With the number of children born out of wedlock increasing from 18.4% in 2007 to 40% in 2019, the issue of fathers' rights, which are different for wed and unwed fathers, is an important one. Georgia residents should be aware of how these rights differ and how they affect issues of custody, visitation and support.
Georgia parents who are getting a divorce might have to go to court for a judge to make a child custody decision. They might need to submit certain documents to the court prior to the child custody hearing.
As many Georgia parents have experienced, parenting a teenager can be a delicate and complicated endeavor. Adolescence is a period for kids to figure out who they are, and that often comes with struggles with their parents. Dealing with a divorce on top of this can make parenting a teenager quite challenging. Having to co-parent with an ex-spouse can bring on further complications. However, there are things that parents can do together, even after divorce, to successfully parent their teenagers.
Parents in Georgia who are divorced or in the process of getting a divorce and who are in a co-parenting relationship should take care to not involve their children in the divorce. The children may already have a sense that they are stuck in the middle of two parties in conflict, which can encourage them to assume responsibilities that they are too young to assume and that can stunt their emotional and mental development. To avoid this, parents should refrain from using their children as tools of communication with the other parent. The children should also be allowed to speak freely about the other household and their experiences.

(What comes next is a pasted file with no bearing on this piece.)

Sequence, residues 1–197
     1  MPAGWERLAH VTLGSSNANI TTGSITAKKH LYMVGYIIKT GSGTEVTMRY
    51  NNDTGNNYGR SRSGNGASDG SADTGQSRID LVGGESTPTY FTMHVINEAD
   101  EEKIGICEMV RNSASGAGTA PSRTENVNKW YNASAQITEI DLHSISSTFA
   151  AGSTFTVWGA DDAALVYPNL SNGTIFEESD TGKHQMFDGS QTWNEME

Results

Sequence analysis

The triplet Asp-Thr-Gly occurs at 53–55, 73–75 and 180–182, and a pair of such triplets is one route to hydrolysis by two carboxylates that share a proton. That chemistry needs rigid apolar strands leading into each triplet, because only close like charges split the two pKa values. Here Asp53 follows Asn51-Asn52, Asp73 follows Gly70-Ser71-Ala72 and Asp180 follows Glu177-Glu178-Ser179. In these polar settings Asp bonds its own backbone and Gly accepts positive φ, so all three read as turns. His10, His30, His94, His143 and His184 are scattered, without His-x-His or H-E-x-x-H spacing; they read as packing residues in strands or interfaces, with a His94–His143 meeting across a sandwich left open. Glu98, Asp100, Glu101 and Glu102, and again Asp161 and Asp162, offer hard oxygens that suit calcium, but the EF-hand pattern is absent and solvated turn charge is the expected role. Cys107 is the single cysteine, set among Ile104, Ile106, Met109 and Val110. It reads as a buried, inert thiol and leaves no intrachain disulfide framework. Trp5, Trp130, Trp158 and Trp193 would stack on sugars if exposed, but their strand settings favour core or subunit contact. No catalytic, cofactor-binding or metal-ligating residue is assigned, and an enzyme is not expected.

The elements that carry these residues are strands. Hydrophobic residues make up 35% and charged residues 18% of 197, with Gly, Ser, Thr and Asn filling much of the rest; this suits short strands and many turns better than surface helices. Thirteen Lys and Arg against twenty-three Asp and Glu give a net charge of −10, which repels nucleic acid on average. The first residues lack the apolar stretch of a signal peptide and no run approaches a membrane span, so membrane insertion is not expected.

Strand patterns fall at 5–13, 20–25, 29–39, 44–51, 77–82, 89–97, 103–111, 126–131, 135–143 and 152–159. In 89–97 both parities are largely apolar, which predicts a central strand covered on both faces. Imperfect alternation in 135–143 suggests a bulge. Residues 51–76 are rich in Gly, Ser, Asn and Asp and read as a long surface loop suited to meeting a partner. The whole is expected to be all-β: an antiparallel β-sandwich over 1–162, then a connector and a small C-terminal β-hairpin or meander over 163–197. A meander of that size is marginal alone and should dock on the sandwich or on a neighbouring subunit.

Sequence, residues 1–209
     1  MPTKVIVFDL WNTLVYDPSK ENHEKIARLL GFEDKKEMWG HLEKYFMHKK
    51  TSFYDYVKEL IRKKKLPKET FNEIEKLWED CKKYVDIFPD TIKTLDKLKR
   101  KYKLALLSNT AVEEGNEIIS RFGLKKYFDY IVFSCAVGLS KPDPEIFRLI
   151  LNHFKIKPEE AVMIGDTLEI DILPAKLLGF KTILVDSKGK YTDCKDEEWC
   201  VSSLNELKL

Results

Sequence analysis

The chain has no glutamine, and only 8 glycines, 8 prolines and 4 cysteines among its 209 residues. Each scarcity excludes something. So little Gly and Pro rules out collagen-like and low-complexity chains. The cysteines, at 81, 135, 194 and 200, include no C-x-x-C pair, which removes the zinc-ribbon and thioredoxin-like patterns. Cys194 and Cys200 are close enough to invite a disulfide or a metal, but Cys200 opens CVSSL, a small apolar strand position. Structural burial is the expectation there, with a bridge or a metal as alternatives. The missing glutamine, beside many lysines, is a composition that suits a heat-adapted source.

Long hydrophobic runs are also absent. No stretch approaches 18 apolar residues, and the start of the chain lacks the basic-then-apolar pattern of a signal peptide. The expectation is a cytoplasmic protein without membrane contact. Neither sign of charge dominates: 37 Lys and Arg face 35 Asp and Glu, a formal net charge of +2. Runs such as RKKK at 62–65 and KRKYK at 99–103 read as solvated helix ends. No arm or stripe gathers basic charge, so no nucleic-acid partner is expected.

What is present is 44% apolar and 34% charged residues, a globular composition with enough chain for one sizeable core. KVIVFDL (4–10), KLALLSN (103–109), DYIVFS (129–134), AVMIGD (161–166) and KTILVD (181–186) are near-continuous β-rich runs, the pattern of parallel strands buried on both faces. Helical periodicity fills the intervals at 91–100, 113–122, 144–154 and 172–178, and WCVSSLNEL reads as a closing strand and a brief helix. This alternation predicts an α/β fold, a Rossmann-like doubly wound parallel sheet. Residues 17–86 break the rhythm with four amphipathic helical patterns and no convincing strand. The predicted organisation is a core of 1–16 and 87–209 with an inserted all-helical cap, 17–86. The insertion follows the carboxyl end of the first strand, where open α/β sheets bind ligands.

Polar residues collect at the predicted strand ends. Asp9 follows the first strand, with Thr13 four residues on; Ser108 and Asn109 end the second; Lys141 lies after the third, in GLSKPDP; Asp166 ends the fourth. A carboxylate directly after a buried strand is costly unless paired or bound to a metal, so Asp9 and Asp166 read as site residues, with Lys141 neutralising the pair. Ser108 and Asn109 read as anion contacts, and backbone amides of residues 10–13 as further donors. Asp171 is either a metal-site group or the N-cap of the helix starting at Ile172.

When parents in Georgia go through a divorce, they must negotiate child custody and visitation. If they are unable to reach an agreement, the next step might be going to court. The standard used by a judge to make a decision about child custody is the best interests of the child.
Each case is different, but when judges in the U.S. must make decisions regarding child custody and visitation disputes, they will often take into account a parent's living conditions. Children have certain essential rights, which need to be respected and attended to no matter who has custody or visitation rights.
Divorcing Georgia couples may wonder how they can create a healthy environment for their children if they are unable to get along. A strong co-parenting relationship is the ideal situation, but this is not always possible. In some cases, parents simply have too much conflict to communicate and cooperate in the way that is necessary to successfully raise their kids together.
When fathers in Georgia get a divorce or are not married to the mother of their children, they may face problems with custody and visitation. Courts are supposed to give equal consideration to mothers and fathers, but although mothers may also struggle in family court sometimes, they also make up over 80 percent of custodial parents.
Georgia parents who have gone through a divorce may find it stressful to raise their children together. However, it is important that they recognize that the children have no say in how their parents choose to raise them. Therefore, it is important that the adults make decisions that are in the best interest of the children. This means that both parents should have a relationship with their offspring.
With high divorce rates, blended families are a reality. Second marriages, particularly those that involve children from a prior relationship, have an even higher rate of divorce. Some outlets report that the rate of failed marriages the second time around is 60 percent or higher.